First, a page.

This article reviews Asian Data Privacy Laws – Trade and Human Rights Perspectives' by Graham Greenleaf, University of New South Wales
A book review of 'Networking Services: QoS, Signalling, Processes' [Amazon Digital Services: ASIN BooIJFZTWC], by Harry Perros
Grand Intentions by Trevor Barr is an exciting read that involves many themes and works at many levels. It concerns a fictitious telephone company, Telco One, which is undergoing major change as the Government privatises it. Telco One is in the throes of moving from a traditional culture based on public sector, even public service, values to a commercial entity subject to the overwhelming imperative of shareholder value. The twists and turns as Telco One transforms from its previous culture into a dynamic commercial entity are transfixing. This is a must-read book for those with an interest in what could become a dystopian drama if not for the emergence and re-emergence of grand intentions and praiseworthy aspirations of the characters themselves.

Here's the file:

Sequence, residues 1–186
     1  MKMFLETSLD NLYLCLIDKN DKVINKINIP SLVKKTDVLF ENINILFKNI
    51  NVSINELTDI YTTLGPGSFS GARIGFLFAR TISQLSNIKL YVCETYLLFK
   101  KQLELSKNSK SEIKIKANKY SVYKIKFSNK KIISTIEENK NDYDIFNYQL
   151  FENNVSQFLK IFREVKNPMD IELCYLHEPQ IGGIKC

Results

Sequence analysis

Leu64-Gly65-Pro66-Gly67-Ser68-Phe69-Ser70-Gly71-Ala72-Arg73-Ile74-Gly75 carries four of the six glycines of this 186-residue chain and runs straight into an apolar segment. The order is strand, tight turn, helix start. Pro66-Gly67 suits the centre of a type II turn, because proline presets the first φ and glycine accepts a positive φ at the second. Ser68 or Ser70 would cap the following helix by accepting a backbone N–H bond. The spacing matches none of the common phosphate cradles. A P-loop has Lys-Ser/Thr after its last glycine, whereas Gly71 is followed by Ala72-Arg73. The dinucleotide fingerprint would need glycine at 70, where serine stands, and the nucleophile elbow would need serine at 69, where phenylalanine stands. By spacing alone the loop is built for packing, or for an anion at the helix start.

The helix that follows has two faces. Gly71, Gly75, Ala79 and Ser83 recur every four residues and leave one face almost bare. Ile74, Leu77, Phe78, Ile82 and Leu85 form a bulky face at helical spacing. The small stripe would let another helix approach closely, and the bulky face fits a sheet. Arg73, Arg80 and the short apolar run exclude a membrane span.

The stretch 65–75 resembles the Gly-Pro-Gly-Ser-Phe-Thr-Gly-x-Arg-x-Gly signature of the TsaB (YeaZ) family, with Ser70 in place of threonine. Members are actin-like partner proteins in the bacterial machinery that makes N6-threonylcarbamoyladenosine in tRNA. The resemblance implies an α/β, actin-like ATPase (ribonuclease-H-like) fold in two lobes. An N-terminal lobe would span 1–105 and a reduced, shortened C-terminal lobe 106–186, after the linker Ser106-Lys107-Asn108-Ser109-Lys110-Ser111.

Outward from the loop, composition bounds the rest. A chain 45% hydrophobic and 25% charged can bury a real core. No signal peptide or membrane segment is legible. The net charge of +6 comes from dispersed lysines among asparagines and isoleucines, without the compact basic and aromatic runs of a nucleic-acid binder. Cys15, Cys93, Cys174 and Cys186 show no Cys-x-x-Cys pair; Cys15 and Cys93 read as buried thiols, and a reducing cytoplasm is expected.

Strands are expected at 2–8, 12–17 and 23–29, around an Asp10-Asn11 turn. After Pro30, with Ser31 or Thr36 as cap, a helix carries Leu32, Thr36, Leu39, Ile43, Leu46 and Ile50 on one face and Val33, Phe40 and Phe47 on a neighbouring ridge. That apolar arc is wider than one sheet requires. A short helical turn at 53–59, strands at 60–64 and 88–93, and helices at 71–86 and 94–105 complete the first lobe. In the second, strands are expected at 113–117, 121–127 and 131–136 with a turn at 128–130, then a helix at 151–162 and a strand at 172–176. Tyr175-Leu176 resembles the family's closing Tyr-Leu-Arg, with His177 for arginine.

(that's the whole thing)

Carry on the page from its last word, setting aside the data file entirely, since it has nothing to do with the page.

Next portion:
Trevor Barr’s page-turner of a novel Grand Intentions tackles the ugly side of the neo-liberalism sweeping Australia in the 1990s and 2000s. It examines the privatisation of an incumbent telecommunications carrier, and the drastic impact of its imported US corporate culture on several individuals. He deploys a cast of plausible fictional characters while allowing the narrative to be driven by an echo of real events in the Australian telecommunications industry.
Review of Christopher T. Marsden: Internet Co-Regulation: European Law, Regulatory Governance and Legitimacy in Cyberspace, (2011, Cambridge University Press)
A book review of Chaos Monkeys: Inside the Silicon Valley Money Machine, published 2016. The book is a warts-and-all account that describes many undesirable aspects of “Silicon Valley culture”. While the book is overly self-indulgent, it could valuably be read by policy makers interested in start-ups and business culture.